The eastern Australian gas market is experiencing a period of significant transition with the development of coal seam gas (CSG) resources and the associated creation of an east coast Liquefied Natural Gas (LNG) export industry.
In response to concerns about the dynamics of the eastern Australian gas market, the Department of Industry and the Bureau of Resources and Energy Economics (BREE) undertook the joint Eastern Australian Domestic Gas Market Study. Under the terms of reference released on 27 May 2013, the objective of the Study was to inform policy makers of the demand supply situation in the eastern Australian gas market and barriers to domestic gas supply over the period 2012-2023, as well as canvassing opportunities to improve market efficiency.
The Study was released on 3 January 2014, and is available below:
The eastern Australian market is undergoing substantial change as it moves towards first LNG exports from 2014, with gas production expected to triple to nearly 2,300 PJ/year by 2016.
Many long term domestic gas supply contracts will expire during the next few years and replacement contracts for supply need to be secured. While there are sufficient gas resources to meet both domestic and export needs, lack of transparency and uncertainty around whether supply can ramp up sufficiently quickly to meet demand and the cost of the new gas developments is affecting price discovery and disrupting contract activity. The Study examines drivers of these changes in the market as a context for policy.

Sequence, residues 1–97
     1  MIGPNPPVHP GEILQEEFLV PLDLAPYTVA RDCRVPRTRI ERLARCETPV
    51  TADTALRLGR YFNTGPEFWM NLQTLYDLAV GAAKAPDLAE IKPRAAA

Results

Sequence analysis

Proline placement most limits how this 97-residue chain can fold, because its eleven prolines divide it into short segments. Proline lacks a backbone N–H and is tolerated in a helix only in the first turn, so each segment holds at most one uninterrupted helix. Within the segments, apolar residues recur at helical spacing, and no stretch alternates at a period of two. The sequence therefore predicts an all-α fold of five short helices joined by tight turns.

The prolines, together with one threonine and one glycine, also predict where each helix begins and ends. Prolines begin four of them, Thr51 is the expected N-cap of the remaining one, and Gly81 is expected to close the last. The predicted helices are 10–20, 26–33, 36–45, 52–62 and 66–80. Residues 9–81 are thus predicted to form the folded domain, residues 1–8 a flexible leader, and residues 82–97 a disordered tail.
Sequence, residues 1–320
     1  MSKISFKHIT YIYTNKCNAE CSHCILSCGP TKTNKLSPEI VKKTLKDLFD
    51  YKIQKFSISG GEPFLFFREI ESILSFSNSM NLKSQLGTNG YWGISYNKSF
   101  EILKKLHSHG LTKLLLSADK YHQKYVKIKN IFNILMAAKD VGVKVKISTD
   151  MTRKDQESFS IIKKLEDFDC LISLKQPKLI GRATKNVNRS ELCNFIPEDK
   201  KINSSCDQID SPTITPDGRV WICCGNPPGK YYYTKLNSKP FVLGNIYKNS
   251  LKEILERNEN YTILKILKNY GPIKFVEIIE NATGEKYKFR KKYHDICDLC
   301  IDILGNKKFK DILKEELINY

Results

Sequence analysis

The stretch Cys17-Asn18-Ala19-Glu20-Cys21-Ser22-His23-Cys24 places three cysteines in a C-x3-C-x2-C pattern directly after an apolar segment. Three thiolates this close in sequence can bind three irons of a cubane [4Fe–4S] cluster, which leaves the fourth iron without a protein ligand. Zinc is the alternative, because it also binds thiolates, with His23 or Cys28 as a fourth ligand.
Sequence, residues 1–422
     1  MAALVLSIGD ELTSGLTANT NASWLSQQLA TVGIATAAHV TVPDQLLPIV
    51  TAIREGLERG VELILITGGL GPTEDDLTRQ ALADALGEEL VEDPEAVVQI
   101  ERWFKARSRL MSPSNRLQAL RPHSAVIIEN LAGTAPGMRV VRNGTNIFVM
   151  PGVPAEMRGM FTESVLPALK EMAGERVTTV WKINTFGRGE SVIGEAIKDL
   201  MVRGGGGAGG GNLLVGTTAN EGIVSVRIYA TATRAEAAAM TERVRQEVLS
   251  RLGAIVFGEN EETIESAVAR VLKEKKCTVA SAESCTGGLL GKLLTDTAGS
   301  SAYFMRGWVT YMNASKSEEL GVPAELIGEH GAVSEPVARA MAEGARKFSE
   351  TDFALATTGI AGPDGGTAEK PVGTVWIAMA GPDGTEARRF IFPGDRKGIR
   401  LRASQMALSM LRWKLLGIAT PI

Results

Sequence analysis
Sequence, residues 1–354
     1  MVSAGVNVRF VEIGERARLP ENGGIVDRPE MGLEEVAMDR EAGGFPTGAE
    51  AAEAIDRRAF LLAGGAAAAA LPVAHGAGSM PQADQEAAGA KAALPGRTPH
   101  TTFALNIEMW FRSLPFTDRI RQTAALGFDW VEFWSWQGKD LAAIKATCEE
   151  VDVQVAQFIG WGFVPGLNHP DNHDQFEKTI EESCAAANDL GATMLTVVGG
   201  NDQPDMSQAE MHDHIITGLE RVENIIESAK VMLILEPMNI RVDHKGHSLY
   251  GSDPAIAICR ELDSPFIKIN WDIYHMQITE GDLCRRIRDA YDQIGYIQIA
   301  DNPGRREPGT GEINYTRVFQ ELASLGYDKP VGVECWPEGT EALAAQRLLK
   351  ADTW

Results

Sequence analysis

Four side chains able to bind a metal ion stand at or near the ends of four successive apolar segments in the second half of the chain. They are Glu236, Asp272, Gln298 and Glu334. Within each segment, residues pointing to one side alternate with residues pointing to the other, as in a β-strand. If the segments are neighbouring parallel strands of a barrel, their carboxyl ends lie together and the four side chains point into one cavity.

The policy options canvassed in the Study focus on helping the market address the major sources of uncertainty through providing more information to the market and encouraging supply responses by addressing regulatory issues. In the longer term, there is an opportunity to inform the development of a new gas market reform agenda. The policy options are categorised under the six themes of:
- Further reform of gas markets
- Promoting gas supply competition
- Improving the commercial and regulatory environment for gas infrastructure
- Improving market data and transparency
- Role for non-market inventions
- Governance and implementation issues
As noted in the Study document, during the course of this work the Department commissioned advice from a number of consultants as input to its analysis. Reports by Intelligent Energy Systems (IES), Resources and Land Management Services (RLMS), and Sinclair Knight Merz (SKM) are available below.
Submissions to the study
Following the release of the Study, the Department invited stakeholders to make submissions on the issues presented in the Study, and any other matters they considered relevant. Submissions closed 7 February 2014. The following Guidelines to Submissions document was provided:
The following public submissions were received:
The Government released the Energy Green Paper on 23 September 2014. The Green Paper includes policy approaches to ensure reliable and affordable energy that, when used productively, supports business competitiveness, lowers the cost of living, and grows exports. The Government's response to these and the eastern Australian gas market and supply issues will be included as part of the Australian Government's Energy White Paper which will be released in due course.
For further information on the Australian Government's response to eastern Australian gas market and supply issues please contact email@example.com.